They often say that at the time of the Salazar dictatorship in Portugal there were three pillars of the regime: Fatima (or Faith), Fado and Football. And upon moving there in 1999 I quickly realised that if I wanted to learn to communicate with people, I would have to learn not just their language but also how to express opinions about a sport that, since the age of about 11, I had had no interest in whatsoever.
In fact in Portugal, football is such a ubiquitous topic of conversation that it really should be awarded the status of a second language. I soon discovered that I could hold a very basic conversation with taxi drivers and cafe owners by just making reference to different teams, learning the numbers from nil to five and chucking in a good few recently and proudly acquired swearwords. It was taken deadly seriously by some; the one club in town, Vitória de Guimarães, sometimes questionably claimed to be Portugal’s fourth ‘grande’, had two dedicated ‘claques’, something like a cross between a fan club and a ‘firm’ of hooligans, which existed purely as deadly rivals of one another. The head of one of the groups, the unfortunately named ‘White Angels’, kept a baseball bat behind the bar of his, well, bar, in case he spied any members of the enemy sect, the tragically named ‘Insane Guys’, trying to enter.
I took advantage of the conversational opportunities open to me by trying to ‘teach myself Portuguese through football’; one of the first sentences I taught myself to say was ‘A minha última ambição é falar melhor português que Bobby Robson’ (‘My ultimate ambition is to speak better Portuguese than Bobby Robson’, the English football manager who had trained two of the three big clubs in Portugal (inevitably someone, possibly hailing from Guimarães, is going to respond and claim that there are in fact four, which isn’t true) and whose Portuguese was very limited and the source of much mirth – and, it must be said, more than a little affection).
And at the end of five years in Portugal I could accurately say that I, in all probability, sei mais do futebol do que ele – I know more than him about football, or at least as much. In Portugal it is inescapable: the two biggest selling and most widely-circulated newspapers are football ones, it takes up most of the news bulletins, and it seems to be the default theme for casual and not-so-casual conversation. Everybody knows which team the President and the Prime Minister support, and it tends to colour people’s opinions of their politics. Everybody knows the affinities of each of their friends, families and workmates, and, oddly enough, in this women are not entirely excluded.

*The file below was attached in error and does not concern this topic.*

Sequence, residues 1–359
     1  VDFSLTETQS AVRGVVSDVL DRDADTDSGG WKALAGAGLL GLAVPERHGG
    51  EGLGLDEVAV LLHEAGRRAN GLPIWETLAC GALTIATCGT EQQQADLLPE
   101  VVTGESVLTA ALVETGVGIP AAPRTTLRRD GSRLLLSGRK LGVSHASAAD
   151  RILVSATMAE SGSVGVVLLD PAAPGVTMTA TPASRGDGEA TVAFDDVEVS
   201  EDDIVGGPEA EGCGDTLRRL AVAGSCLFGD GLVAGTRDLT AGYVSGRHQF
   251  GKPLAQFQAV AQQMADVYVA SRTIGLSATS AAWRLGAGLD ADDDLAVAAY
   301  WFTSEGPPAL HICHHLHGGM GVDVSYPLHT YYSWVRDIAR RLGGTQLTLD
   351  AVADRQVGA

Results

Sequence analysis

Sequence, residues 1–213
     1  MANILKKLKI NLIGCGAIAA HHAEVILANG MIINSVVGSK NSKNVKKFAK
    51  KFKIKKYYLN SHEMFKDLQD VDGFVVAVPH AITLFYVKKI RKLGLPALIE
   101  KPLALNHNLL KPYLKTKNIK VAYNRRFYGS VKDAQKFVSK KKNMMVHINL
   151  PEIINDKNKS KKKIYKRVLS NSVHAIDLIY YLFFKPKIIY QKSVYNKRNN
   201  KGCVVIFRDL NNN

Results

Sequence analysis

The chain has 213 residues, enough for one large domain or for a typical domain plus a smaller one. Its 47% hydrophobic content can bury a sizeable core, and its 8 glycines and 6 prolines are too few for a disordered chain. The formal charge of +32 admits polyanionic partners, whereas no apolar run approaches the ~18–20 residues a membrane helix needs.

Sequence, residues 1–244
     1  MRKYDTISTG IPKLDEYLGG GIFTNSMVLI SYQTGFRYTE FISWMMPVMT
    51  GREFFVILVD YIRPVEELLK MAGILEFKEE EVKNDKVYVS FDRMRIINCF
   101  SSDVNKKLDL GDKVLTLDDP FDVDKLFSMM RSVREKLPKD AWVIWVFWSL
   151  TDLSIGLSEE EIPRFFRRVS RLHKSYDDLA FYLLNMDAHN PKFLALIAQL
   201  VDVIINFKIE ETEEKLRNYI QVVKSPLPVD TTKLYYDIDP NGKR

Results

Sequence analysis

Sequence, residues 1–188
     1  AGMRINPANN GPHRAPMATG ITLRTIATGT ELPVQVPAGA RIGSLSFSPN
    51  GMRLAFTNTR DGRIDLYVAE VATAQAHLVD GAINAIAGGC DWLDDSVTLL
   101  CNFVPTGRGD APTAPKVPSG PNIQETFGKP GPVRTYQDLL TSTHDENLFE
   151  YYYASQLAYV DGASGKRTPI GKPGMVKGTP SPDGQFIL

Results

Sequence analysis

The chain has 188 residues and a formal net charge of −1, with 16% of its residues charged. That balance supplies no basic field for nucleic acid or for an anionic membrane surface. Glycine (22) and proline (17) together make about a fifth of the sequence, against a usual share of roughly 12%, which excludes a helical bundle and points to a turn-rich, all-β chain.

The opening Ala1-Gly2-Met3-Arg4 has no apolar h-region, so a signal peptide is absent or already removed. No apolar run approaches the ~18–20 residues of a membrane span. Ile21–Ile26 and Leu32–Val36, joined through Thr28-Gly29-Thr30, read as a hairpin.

It’s very easy to get caught up in the banter, the name-calling and the pre- and post-match analysis (mostly, it must be said, of the performance of the referee), partly because it tends to exclude and take the place of other topics of conversation – and in this, I would argue, football plays exactly the same role as it did before the Revolution, stifling proper political debate with a populist call for unity behind the largely fictional entity of a football club. But also because it’s not in the end a very complicated thing to understand, and a small quantity of information combined with a large amount of irrelevant opinion added to a tiny amount of insight can lead to a very lengthy but inevitably boring conversation.
I must admit I got caught up in the swing of things. It provided a quick common denominator to start conversations with people – finding a Portuguese person who doesn’t claim to have a team to support and an opinion on the footballing issues of the day is like finding a Chinese person with no interest in food. But when I did occasionally meet someone like this, I’d realise I had crossed a line and was in very dangerous and disturbing territory.
Sometimes, faced with a stranger or acquaintance, I’d ask them what they thought of the previous night’s game (football in Portugal is often a seven-nights-a-week thing). And it was when they responded that they didn’t much care for the sport, that it would hit me with shame and horror that, at the end of the day, Brian, neither did I.
Which led to a confused spell during which I was struck by the insight that nobody actually likes football, they’re just pretending, because they think that everybody else does.
But that can’t possibly be true, can it?!?